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Texas Log Cabin Republicans Finally Admit 'We Failed' To Shift Party's Views—And, Uh, No Duh

Texas Log Cabin Republicans Finally Admit 'We Failed' To Shift Party's Views—And, Uh, No Duh
Lynda M. Gonzalez/Pool/Getty Images

Texas Log Cabin Republicans, part of an organization within the Republican Party that advocates for equal rights for LGBTQ+ Americans, have finally admitted "we failed" to shift the party's views regarding the LGBTQ+ community.

Paul von Wupperfeld, now a 56-year-old Democrat who has not voted Republican since 2000, toldThe Texas Tribune that Log Cabin Republicans have "failed to moderate" the Republican Party, noting that while he is "glad we tried, and I think we did the right thing by trying," former Log Cabin Republicans are shifting to the left "faster and faster."

First formed in the 1970s, Log Cabin Republicans are no stranger to attacks from their own party.

For example, in 1990, when von Wupperfeld served as the first president of the Log Cabin Republicans of Texas, the official Republican Party platform called homosexuality “biologically and morally unsound” and referred to same-sex relationships as akin to “necrophilia, pedophilia, bestiality, or incest.”

Not much has changed.

Last month, Log Cabin Republicans were dealt an especially harsh blow after the Texas GOP adopted a new platform calling homosexuality an "abnormal lifestyle choice" after 5,100 delegates and alternates voted on it.

The platform also affirms the opposition of Texas Republicans to “all efforts to validate transgender identity” and calls for a ban on gender-affirming medical care, including hormone therapy, for anyone under 21.

These talking points about transgender people also demonstrate Republicans will not repudiate the controversy that erupted earlier this year after Greg Abbott, the state's Republican governor, signed off on legislation that, though ultimately struck down by a federal judge, would have empowered the state to open child abuse investigations into families whose children receive gender affirming healthcare.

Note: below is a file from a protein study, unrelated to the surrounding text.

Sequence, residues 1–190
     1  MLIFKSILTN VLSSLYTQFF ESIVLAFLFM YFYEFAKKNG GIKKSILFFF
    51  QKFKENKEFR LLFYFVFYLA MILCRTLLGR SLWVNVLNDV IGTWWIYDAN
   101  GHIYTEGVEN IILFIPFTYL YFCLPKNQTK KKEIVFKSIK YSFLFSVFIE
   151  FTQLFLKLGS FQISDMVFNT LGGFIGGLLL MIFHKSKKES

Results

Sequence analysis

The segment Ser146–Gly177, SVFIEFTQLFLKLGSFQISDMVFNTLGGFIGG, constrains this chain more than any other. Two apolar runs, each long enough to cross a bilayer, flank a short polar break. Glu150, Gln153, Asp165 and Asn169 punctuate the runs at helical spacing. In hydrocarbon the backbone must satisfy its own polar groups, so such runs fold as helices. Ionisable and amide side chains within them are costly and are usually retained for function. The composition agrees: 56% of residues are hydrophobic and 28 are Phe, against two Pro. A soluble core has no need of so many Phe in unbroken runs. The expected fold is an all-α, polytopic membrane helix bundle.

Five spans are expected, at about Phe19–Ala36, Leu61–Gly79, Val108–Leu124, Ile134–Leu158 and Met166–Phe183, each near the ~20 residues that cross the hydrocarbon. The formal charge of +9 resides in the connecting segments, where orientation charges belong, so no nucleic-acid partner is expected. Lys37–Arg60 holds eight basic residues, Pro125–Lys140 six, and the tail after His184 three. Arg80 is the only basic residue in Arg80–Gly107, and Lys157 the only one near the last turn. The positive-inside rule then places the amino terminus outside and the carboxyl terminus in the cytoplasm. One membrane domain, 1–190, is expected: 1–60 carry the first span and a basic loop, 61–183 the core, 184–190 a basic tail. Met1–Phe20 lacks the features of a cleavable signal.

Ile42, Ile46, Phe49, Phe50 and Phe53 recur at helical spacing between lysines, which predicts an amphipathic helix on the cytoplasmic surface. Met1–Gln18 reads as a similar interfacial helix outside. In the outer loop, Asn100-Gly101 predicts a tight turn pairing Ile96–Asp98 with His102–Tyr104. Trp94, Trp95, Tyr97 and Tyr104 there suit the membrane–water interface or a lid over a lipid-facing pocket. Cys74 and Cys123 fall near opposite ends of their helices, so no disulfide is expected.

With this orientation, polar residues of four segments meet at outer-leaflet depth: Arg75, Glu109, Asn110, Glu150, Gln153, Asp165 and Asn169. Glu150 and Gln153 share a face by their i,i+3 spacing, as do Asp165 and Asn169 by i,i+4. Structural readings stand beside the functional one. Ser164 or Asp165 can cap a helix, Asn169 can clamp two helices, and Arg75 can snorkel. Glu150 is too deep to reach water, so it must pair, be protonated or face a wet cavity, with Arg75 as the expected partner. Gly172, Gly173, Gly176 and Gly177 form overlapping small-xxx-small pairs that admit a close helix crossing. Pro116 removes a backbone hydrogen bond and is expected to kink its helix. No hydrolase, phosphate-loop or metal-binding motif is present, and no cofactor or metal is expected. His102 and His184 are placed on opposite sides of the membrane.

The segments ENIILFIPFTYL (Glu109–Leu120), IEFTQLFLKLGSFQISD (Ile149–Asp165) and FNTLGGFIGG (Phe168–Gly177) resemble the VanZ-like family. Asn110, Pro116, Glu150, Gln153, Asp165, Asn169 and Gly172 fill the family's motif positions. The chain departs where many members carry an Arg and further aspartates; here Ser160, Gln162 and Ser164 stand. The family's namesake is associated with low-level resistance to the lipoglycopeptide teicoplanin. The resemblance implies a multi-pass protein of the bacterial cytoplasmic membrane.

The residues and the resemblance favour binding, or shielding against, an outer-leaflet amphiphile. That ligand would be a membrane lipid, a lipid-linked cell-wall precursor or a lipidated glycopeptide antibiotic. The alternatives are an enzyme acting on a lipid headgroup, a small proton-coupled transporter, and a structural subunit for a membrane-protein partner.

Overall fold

None of these developments have come as a surprise to the larger LGBTQ+ community, which has historically opposed a party that has worked overtime to strip them of their rights and deny them legitimacy.

The platform also comes at a time of widespread "groomer" hysteria among Republicans accusing LGBTQ+ people of building relationships, trust and emotional connections with children so they can manipulate, exploit and abuse them.

To that end, Texas Republicans have made clear they oppose making members of the LGBTQ+ community a protected class and that they do support conversion therapy.

Conversion therapy, often described as "promoting healthy sexuality" or "sexual reorientation efforts" in right-wing circles as the practice has come under further scrutiny, is defined as any attempt to change a person’s sexual orientation, gender identity or gender expression.

Numerous health and welfare organizations have spoken out against the practice. The American Psychological Association (APA) has affirmed "there is insufficient evidence to support the use of psychological interventions to change sexual orientation."

Other organizations, such as The American Academy of Child and Adolescent Psychiatry (AACAP), The United Nations High Commissioner of Human Rights (OHCHR) and The World Health Organization (WHO) have also condemned conversion therapy, citing the wealth of scientific research studies discrediting the practice.

But Texas Republicans say efforts should be made among the LGBTQ+ community to eliminate “unwanted same-sex attraction" as they advocate for what they termed "Reintegrative Therapy."